Wednesday, March 13, 2019

Convening "Creation and the City of God"

Today's post is by UM & Global blogmaster Dr. David W. Scott, Director of Mission Theology at the General Board of Global Ministries. The opinions and analysis expressed here are Dr. Scott's own and do not reflect in any way the official position of Global Ministries.

The last two days, Global Ministries hosted “Creation and the City of God,” a theological consultation that considered how the built environment can exemplify the flourishing of God’s creation through the ways in which development integrates with and enhances the places where it exists, ensures physical, economic and emotional safety for people in the community, and contributes to the sustainability of all of creation.

The consultation brought together a unique mix of scholars, pastors, agency executives, financial decision-makers, and creation care advocates from across The United Methodist Church and beyond. Five panels fostered interactions among those gathered around the topics of the theological significance of the built environment, how the built environment can promote inclusion and belonging, how we respond to vulnerability and living in liminal spaces, stewardship of finances and property, and creation care witness and advocacy.

I had the good fortune, along with Rev. Jenny Phillips and Rev. Dr. Jerome Sahabandhu, to be one of the people convening this event. Thus, I know as well as any why Global Ministries hosted this event. I share here a version of my remarks from Monday morning to the participants on that question.

In my role as Director of Mission Theology at Global Ministries, I see one of my main jobs as fostering conversations. In fact, I’ve argued that mission is conversation – conversation in the context of relationships across boundaries about God’s good news. That focus on conversation is spelled out in the purpose of this blog (“Dedicated to fostering conversations about the global nature of The United Methodist Church”), and it’s present in much of the rest of the work I do as well.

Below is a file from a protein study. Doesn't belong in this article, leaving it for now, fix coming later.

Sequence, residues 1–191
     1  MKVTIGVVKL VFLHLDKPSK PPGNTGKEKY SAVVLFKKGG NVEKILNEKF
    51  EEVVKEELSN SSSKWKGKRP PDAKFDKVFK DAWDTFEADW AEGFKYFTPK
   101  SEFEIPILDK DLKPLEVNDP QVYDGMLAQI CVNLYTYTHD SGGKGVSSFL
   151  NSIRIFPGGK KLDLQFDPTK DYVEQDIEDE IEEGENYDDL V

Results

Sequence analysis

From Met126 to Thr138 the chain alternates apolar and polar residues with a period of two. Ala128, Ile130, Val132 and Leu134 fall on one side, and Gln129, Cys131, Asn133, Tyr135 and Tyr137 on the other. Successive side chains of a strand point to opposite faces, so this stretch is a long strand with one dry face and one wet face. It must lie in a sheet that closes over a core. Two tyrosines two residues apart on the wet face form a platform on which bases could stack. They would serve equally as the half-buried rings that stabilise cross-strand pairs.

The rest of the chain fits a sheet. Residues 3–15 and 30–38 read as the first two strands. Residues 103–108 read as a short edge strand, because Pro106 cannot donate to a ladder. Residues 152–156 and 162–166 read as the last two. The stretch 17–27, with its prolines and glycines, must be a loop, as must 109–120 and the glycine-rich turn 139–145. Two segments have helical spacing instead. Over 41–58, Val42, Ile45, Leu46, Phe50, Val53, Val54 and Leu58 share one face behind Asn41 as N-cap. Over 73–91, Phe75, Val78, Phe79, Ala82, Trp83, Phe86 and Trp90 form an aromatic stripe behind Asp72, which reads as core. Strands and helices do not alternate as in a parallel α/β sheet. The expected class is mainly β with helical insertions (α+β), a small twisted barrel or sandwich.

Thus, when Rev. Malcolm Frazier, at the time the United States Regional Office Representative for Global Ministries, approached me and my colleague Jerome Sahabandhu about the possibility of convening a theological consultation for mission partners from around the US, I was intrigued.

When Jerome and I agreed to take Malcolm’s idea and run with it, we had to decide: On what area of missional work should we focus? What topic would be significant enough to warrant our time and attention, while not duplicating existing resources and conversations?

On the question of significance, it was clear to me that creation care is one of the most pressing political, social, cultural, and religious issues of our time. Recent scientific findings released in the past six months have only heightened that sense.

I have been deeply encouraged to see missiologists paying increasing attention to creation care as an area of mission work over the last decade or so. For instance, it is included as one of the Five Marks of Mission, J. Andrew Kirk lists it as one of four main areas of mission work in his seminal book What Is Mission?, and recent ecumenical documents on mission such as Together Towards Life have emphasized the importance of creation care as a realm of mission work.

Yet while there has been important work done in the area of creation care within The United Methodist Church by the bishops and by our sister agencies such as UMW and Church and Society, and by some of Global Ministries’ own global missionaries, it seemed like there was room to do more. Indeed, until we see dramatic changes in the ways our economy and society are structured for the sake of reducing our impact on the created world, I don’t think any amount of effort related to or attention on this issue can really be too much or unnecessarily duplicative.

At the same time, Global Ministries was deepening its creation care efforts, including naming the creation care dimension to long-standing work. In addition to a growing attention to creation care, Global Ministries has a large and diverse network and a reputation as a trusted partner to many in the denomination. Therefore, we thought that Global Ministries had the possibility of bringing together people around this issue in a way that had not been done before by including a wider array of partners in the conversation.